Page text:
Updated: Jul 10
There is a problem, and that problem is over-harvesting of wild plants for herbal bundles.
I am a firm believer that we need to take care of the plants.
While we are here, they take care of us, so we need to be respectful.
In the wild, white sage and palo santo are being over-harvested. In most cases, from a lot of stores (Amazon, Walmart, even FIVE BELOW! and the list goes on) we don't even know where that sage or palo santo comes from. It's for sale - and that is literally all we know about it. If you don't know your grower or you don't know their practices - don't buy from them! It should not be hard to understand that if you want to use an herb for ritual cleansing or burning, that herbs needs to be grown with good intentions from the grower. You need to know the ethics and values of who you make your purchases from. If you can make your own herbal bundles, that is the best solution! If you can't, buy from a small family farm where you are aware of who the growers are and how they harvest. I honestly strongly suggest finding alternatives to white sage and palo santo, or growing your own plants for herbal burning. I think it is very important that Native Americans still have access to their native plant medicine for their use. I don't think they should have to worry about Walmart debasing their plant population and misusing these wild allies, or Abercrombie and Fitch wild-harvesting all their sage. What has the world come to where we are trying to be "spiritual" in our practices - but ignoring a most important part, our ethics?
“We do not sell white sage. If you need it as a medicine and we have it, we’re going to give it to you. We discourage selling medicine plants, spiritual plants, because we don’t know if the person collected them in a good way, with a good heart. But if you have white sage growing in your own back yard, you would know because you would be taking care of it.”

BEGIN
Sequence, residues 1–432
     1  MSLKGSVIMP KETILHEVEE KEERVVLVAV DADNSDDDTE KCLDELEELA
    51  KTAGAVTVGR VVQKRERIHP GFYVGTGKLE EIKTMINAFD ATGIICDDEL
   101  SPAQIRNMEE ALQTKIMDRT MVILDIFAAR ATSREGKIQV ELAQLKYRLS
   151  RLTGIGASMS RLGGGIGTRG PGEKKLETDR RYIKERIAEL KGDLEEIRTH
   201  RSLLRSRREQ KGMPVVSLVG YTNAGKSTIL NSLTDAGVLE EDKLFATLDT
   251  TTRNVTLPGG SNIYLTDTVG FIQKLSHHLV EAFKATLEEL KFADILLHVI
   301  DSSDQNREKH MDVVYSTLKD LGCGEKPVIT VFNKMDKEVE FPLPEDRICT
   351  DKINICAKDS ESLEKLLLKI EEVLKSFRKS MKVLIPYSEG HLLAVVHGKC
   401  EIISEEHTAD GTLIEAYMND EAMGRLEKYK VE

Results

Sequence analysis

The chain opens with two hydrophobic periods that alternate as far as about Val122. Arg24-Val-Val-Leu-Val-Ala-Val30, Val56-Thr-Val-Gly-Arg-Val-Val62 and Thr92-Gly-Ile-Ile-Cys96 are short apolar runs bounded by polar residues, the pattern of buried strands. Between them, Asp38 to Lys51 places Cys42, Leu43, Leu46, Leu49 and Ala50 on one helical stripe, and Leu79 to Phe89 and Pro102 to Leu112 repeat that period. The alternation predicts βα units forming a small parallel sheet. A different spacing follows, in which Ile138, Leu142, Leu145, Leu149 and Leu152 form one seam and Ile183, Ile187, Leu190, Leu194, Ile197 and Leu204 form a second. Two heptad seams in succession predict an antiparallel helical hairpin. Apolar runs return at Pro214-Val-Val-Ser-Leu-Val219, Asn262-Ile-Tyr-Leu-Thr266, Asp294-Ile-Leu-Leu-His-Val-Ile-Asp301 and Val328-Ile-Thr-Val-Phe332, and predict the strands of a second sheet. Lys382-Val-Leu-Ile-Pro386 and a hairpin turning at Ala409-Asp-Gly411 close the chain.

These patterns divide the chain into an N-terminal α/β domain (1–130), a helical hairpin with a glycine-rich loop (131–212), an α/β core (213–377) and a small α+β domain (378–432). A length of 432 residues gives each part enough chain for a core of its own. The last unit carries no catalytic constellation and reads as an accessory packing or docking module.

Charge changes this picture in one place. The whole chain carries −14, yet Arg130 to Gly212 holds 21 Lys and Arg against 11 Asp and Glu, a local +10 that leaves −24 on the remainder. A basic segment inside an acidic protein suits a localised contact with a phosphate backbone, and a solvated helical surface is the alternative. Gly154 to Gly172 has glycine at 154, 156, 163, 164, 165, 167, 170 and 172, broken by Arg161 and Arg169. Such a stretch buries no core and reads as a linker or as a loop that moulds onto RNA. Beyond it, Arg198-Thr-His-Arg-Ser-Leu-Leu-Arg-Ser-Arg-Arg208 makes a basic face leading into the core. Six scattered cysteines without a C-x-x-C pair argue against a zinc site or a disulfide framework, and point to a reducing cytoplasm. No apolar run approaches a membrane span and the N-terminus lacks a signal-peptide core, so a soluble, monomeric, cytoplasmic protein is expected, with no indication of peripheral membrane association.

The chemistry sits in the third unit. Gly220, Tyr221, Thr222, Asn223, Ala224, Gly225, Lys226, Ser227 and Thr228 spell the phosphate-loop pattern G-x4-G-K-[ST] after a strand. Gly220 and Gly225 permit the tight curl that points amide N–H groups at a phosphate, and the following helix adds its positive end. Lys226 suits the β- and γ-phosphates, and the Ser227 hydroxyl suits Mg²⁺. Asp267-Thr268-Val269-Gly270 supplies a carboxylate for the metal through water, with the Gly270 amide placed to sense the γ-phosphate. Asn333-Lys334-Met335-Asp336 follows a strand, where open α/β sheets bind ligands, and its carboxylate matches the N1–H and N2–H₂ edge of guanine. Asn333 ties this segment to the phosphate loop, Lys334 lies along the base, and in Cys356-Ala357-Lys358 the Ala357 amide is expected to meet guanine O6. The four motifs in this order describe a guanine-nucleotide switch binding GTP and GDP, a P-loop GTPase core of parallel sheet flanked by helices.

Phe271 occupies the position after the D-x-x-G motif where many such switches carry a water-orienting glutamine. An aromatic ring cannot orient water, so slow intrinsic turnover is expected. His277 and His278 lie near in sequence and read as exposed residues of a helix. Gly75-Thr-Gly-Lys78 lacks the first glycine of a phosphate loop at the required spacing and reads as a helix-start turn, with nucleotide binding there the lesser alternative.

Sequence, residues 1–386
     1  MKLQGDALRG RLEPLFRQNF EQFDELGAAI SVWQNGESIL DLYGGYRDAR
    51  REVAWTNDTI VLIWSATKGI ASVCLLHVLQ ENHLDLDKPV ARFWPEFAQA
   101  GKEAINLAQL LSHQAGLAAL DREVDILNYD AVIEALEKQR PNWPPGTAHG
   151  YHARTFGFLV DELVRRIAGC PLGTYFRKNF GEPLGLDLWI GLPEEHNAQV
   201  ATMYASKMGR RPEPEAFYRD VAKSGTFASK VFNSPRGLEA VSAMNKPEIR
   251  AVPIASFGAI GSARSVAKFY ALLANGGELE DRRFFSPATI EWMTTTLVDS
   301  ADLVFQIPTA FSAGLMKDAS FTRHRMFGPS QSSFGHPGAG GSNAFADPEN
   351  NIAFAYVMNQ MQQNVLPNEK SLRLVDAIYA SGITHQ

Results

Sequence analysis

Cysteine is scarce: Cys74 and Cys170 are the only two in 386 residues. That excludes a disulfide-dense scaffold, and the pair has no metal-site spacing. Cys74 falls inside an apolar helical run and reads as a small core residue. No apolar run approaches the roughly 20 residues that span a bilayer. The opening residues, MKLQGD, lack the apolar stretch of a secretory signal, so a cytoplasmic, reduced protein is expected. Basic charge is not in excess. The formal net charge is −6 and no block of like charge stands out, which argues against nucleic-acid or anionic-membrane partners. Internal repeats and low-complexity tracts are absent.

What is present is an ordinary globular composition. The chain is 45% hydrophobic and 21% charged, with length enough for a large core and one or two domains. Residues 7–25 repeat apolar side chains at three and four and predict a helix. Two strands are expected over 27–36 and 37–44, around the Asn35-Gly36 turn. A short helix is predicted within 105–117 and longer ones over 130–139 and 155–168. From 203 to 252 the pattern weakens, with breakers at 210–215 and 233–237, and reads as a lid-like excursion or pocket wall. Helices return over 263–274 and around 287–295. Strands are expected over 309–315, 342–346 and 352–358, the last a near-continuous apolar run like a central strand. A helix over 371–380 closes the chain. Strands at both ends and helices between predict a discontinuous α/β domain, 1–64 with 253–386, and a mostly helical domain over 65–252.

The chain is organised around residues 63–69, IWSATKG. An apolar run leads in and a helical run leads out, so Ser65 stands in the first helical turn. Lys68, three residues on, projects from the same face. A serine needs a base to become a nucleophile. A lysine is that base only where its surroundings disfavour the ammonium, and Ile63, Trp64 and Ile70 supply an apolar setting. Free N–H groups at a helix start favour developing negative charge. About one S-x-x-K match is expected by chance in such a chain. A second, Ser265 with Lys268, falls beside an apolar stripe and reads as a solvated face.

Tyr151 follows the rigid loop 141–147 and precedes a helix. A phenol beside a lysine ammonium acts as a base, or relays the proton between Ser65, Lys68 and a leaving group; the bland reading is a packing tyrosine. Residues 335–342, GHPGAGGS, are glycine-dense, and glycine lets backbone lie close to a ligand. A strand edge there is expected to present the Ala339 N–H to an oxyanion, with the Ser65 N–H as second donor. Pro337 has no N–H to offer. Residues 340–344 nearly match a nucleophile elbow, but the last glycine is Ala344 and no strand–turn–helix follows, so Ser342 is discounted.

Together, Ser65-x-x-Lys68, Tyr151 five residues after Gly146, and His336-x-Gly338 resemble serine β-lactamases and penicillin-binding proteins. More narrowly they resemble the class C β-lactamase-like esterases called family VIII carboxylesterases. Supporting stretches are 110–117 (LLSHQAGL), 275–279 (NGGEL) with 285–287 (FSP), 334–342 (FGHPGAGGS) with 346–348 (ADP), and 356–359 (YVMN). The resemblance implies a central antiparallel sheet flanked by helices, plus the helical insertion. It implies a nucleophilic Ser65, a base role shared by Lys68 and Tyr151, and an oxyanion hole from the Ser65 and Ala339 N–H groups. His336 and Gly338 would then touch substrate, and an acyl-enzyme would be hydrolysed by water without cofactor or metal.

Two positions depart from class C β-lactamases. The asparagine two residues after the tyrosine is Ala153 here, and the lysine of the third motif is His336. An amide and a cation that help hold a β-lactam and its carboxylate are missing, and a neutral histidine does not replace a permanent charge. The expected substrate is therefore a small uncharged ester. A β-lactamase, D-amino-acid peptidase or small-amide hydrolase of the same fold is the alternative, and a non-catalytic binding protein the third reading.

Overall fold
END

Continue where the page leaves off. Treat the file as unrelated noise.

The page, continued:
– Barbara Drake, Tongva Elder
There are so many herbal substitutes for white sage.
Look for native plants that grow in your area profusely!
Here in Missouri, I can easily grow the following plants:
Prairie Sage (Artemisia ludoviciana, not a true sage, but a member of the Daisy family)
Common Garden Sage
Mint (Apple Mint, Chocolate Mint, Peppermint, Spearmint, etc.)
Russian Sage (Perovskia atriplicifolia, A favorite of mine - it's a native of Central Asia, and smells sage-like, but it's not a true sage)
The list really does go on and on. Historically, the Scottish people used a type of burning of cedar to cleanse their homes, called saining. More about that here in a great article that explains it in-depth. If most of us burning these herbs are white and have a European ancestry - shouldn't we go back to what our ancestors used, or try growing some of the plants ourselves so that we have a connection with them? Try growing some plants that grow well in your area and are native species. I do believe that if you feel called to work with a certain plant like white sage - that you should be able to work with it, but you need to look for ethically harvested sources for this plant. If it's in danger - you need to look for alternatives first. I am not sure that certain plants = cultural appropriation. If you are using it in your personal spiritual practices that you are attuned to, why shouldn't you be able to use it? I think that is going a bit far.
As for smuding, we don't even know how to smudge properly because it's a complete ritual. What we have been doing is smoke cleansing, not smudging. Even referring to the herbs we use as "smudge" isn't accurate.
If you don't want to make your own herbal bundles, I do sell some items here in my shop. They are grown by me personally, with the use of no pesticides or chemicals. I make sure to treat my plants well, to use ritual and astrological times when I harvest, and I respect the plants. I think that makes all the difference.
Links for further reading on this topic:
Places to purchase ethically harvested herbs for smoke cleansing:
Herbal Bundle tutorials: